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Eur J Biochem. 1995 Jun 15;230(3):1014-24.

Rotational dynamics of calcium-free calmodulin studied by 15N-NMR relaxation measurements.

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Laboratory of Chemical Physics, National Institute of Diabetes and Digestive and Kidney Diseases, National Institutes of Health, Bethesda, MD 20892-0520, USA.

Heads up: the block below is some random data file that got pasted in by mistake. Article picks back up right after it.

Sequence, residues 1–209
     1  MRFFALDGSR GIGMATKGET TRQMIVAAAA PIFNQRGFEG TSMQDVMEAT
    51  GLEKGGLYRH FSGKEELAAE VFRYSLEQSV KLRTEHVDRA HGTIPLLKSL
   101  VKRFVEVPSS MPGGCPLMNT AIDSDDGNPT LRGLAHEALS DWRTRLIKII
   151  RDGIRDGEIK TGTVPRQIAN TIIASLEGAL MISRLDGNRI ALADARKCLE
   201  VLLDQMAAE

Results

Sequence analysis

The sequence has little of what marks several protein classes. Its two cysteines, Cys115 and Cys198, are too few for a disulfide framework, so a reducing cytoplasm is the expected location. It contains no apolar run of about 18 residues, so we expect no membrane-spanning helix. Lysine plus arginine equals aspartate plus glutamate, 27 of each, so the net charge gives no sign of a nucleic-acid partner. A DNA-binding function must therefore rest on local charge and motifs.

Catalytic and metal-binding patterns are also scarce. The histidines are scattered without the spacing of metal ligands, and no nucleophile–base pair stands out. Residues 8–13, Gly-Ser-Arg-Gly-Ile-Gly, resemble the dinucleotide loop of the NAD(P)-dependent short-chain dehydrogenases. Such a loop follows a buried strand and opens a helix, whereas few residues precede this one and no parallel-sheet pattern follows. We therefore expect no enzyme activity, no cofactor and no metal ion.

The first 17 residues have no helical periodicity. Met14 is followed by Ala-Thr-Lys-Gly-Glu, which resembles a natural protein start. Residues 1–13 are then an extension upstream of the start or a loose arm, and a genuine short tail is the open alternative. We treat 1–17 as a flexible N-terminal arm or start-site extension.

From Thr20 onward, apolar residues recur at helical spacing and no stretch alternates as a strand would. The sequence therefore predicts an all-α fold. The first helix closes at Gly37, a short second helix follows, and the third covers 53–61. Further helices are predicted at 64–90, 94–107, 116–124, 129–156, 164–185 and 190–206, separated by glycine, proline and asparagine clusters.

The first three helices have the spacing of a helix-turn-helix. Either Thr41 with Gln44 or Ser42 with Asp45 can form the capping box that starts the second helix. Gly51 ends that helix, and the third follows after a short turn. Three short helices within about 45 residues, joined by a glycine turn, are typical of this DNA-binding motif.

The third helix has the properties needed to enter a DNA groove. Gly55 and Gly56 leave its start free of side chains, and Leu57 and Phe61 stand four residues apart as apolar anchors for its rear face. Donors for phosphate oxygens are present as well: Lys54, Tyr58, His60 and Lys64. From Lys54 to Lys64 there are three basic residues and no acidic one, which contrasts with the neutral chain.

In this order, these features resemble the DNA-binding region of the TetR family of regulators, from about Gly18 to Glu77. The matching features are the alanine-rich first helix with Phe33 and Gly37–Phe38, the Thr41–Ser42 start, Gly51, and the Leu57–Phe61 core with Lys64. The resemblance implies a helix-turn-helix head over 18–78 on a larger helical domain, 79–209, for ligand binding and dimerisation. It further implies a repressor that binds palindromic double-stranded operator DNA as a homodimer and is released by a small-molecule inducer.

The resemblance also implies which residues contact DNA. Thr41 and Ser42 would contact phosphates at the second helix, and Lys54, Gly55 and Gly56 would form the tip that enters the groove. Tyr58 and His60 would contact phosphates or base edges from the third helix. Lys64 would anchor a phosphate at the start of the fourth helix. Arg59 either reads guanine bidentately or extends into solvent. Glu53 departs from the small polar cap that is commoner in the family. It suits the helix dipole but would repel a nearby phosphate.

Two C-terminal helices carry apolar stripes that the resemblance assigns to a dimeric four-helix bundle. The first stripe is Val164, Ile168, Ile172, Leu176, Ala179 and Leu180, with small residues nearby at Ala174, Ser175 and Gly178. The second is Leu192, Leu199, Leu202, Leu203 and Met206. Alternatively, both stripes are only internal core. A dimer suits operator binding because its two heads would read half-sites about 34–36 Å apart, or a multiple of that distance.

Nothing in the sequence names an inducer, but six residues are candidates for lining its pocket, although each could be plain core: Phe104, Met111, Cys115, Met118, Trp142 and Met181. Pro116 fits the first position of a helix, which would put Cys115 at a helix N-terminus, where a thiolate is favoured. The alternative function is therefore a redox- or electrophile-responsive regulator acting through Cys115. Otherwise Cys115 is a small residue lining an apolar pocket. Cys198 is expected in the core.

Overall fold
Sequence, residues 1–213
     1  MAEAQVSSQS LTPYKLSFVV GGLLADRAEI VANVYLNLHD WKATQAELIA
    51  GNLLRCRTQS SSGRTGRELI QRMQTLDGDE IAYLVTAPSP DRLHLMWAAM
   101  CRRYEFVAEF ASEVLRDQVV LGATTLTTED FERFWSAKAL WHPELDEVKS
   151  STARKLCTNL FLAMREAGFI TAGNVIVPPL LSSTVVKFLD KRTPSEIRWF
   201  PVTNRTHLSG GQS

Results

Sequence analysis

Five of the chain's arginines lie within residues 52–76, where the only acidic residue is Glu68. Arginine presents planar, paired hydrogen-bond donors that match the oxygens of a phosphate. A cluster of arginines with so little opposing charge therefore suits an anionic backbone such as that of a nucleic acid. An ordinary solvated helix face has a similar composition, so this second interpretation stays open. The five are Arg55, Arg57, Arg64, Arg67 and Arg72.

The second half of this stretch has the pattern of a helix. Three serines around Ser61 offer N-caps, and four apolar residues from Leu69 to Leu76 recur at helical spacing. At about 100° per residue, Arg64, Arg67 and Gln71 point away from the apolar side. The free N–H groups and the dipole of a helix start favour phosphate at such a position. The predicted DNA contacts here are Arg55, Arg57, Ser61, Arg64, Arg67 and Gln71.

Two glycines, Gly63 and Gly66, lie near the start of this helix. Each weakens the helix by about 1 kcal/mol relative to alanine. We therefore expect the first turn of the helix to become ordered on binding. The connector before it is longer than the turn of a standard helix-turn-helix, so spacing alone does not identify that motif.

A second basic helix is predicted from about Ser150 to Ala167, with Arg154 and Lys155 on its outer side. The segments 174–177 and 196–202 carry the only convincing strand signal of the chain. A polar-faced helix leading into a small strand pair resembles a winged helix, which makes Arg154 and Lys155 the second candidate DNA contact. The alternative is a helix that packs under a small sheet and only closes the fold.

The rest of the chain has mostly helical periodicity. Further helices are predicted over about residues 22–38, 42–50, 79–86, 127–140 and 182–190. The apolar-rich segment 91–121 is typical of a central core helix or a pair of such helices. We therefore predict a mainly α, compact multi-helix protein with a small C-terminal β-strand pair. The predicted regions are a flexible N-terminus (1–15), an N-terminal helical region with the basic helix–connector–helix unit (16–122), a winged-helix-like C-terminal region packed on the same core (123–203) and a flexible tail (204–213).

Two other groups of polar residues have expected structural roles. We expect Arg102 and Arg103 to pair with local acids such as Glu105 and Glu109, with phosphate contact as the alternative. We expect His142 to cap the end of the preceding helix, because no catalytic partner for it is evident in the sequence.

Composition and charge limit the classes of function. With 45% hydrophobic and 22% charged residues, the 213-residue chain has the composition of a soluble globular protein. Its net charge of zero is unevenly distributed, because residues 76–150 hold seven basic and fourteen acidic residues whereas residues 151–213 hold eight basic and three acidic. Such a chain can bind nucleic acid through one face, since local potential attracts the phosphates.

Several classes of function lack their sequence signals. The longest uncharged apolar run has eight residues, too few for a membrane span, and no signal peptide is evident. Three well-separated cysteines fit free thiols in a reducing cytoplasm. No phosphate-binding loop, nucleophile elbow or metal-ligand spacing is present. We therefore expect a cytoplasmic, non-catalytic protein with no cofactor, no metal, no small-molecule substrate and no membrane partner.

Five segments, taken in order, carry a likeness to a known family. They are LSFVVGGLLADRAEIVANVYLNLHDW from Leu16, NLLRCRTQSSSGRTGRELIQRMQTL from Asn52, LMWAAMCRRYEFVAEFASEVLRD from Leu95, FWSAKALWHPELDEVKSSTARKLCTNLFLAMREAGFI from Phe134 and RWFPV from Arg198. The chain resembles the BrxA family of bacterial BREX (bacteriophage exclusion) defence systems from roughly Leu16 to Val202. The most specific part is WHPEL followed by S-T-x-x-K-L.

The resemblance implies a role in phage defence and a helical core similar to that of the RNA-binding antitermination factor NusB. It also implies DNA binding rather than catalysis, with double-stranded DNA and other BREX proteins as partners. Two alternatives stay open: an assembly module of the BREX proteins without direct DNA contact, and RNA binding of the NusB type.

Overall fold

The backbone motions of calcium-free Xenopus calmodulin have been characterized by measurements of the 15N longitudinal relaxation times (T1) at 51 and 61 MHz, and by conducting transverse relaxation (T2), spin-locked transverse relaxation (T1 rho), and 15N-[1H] heteronuclear NOE measurements at 61 MHz 15N frequency. Although backbone amide hydrogen exchange experiments indicate that the N-terminal domain is more stable than calmodulin's C-terminal half, slowly exchanging backbone amide protons are found in all eight alpha-helices and in three of the four short beta-strands. This confirms that the calcium-free form consists of stable secondary structure and does not adopt a 'molten globule' type of structure. However, the C-terminal domain of calmodulin is subject to conformational exchange on a time scale of about 350 microseconds, which affects many of the C-terminal domain residues. This results in significant shortening of the 15N T2 values relative to T1 rho, whereas the T1 rho and T2 values are of similar magnitude in the N-terminal half of the protein. A model in which the motion of the protein is assumed to be isotropic suggests a rotational correlation time for the protein of about 8 ns but quantitatively does not agree with the magnetic field dependence of the T1 values and does not explain the different T2 values found for different alpha-helices in the N-terminal domain. These latter parameters are compatible with a flexible dumb-bell model in which each of calmodulin's two domains freely diffuse in a cone with a semi-angle of about 30 degrees and a time constant of about 3 ns, whereas the overall rotation of the protein occurs on a much slower time scale of about 12 ns. The difference in the transverse relaxation rates observed between the amides in helices C and D suggests that the change in interhelical angle upon calcium binding is less than predicted by Herzberg et al. Strynadka and James [Strynadka, N. C. J. & James, M. N. G. (1988) Proteins Struct. Funct. Genet. 3, 1-17].

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